If you choose this service, you do not need to provision or manage servers. It adds infrastructure on demand, meaning it scales up and down automatically without fixed resources defined beforehand. Consequently, you pay for the time and capacity (CPU and memory) you use.

Nodegroups

Between EC2 (self-managed) and Fargate (totally managed), we have a semi-managed option, which is creating Nodegroups of EC2 instances. This solution automates some of the work (autoscaling), but you still have to configure your virtual machines.

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How to create a K8s cluster in AWS EKS

Let’s assume you decided to use AWS EKS. In this section, we will walk you through the steps to achieve it.

The first step will be creating an AWS account. You can sign up for a Free Tier account if you just want to try it out first.

Now, you will need to do some preparation steps, actually create the cluster control plane, and then create worker nodes and attach them to the cluster. This involves a lot of configuration work. Fortunately, there is a Weaveworks tool named eksctl that makes this as easy as running one single command.

To use eksctl, you need to set your AWS credentials on your computer first. Assuming you just created your AWS account, you can access the AWS web console with your root user and click on your Profile > My Security Credentials > select the Access Key tab > Create New Access Key > Show Access Keys. This will show you the Access ID and the Secret Access Key only once, so copy them before closing the pop-up window. Then, you have two options:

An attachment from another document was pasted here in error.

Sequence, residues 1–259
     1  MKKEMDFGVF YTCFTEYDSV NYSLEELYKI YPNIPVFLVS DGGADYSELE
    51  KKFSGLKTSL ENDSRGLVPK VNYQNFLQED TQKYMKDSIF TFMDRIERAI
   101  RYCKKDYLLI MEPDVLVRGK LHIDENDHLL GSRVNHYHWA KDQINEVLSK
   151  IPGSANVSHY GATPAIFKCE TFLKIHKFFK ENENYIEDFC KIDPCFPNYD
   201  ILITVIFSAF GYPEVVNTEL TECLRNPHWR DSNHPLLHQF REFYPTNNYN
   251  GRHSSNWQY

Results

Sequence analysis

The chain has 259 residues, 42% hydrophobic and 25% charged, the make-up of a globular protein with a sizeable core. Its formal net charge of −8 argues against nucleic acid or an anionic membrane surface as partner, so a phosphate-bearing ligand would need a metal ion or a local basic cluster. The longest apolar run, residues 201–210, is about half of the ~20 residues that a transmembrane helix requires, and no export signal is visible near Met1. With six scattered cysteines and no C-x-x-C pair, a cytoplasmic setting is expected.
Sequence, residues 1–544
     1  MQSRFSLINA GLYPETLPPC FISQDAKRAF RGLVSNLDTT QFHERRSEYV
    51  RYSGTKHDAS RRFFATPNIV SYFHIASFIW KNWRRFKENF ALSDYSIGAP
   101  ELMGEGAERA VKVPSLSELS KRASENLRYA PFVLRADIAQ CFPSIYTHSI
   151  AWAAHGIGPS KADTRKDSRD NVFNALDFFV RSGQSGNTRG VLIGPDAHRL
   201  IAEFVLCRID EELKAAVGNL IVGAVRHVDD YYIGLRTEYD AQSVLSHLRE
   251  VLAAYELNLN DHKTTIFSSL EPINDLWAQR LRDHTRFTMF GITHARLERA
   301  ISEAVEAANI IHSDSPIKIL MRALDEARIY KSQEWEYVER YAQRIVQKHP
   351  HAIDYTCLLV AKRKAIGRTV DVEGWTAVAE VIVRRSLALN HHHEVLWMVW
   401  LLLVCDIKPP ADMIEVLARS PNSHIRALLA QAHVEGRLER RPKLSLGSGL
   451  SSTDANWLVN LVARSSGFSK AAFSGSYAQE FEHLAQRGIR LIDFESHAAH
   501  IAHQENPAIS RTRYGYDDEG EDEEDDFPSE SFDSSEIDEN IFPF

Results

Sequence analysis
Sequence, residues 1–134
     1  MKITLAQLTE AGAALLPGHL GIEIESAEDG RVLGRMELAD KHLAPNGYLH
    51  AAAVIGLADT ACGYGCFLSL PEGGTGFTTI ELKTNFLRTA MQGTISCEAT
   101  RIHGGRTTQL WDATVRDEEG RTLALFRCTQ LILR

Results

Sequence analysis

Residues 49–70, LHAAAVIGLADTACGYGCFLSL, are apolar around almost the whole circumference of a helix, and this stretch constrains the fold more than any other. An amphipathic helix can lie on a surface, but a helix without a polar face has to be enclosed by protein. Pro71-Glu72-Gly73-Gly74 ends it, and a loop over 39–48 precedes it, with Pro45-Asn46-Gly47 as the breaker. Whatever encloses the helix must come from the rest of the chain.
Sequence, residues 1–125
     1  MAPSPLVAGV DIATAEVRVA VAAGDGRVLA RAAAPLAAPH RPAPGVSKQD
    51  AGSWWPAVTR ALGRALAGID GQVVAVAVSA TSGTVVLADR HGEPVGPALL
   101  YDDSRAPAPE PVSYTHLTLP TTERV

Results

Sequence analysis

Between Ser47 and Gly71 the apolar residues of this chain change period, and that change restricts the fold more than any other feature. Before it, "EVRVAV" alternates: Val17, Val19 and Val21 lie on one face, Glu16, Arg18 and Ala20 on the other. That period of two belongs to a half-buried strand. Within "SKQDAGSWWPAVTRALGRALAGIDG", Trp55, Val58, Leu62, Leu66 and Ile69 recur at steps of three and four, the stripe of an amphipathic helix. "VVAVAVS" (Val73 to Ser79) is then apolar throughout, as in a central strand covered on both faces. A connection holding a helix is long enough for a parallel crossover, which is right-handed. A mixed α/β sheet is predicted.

1. Install the AWS CLI and run aws configure to create the configuration file in your HOME directory (~/.aws/credentials).
  2. OR set the variables aws_access_key_id and aws_secret_access_key directly on your PATH.

Finally, install eksctl and simply run eksctl create cluster. This will use the default values for the configuration, but you can override any value using parameters. For example, you will surely want to configure the name of the cluster, the AWS Region closest to your location, and maybe use Fargate for your worker nodes. Then, you will need to run this command:

$ eksctl create cluster --name test-cluster --region eu-central-1 --fargate

If you want to easily destroy the cluster, you will have to run:

$ eksctl detele cluster --name test-cluster

This command will remove all the resources associated with the cluster, so that they do not cost you extra money.

We have seen a general overview of AWS container services, the different options for adding worker nodes to your cluster, and an easy way to set it up and delete it. We hope this will help you choose the best public cloud configuration for your interests.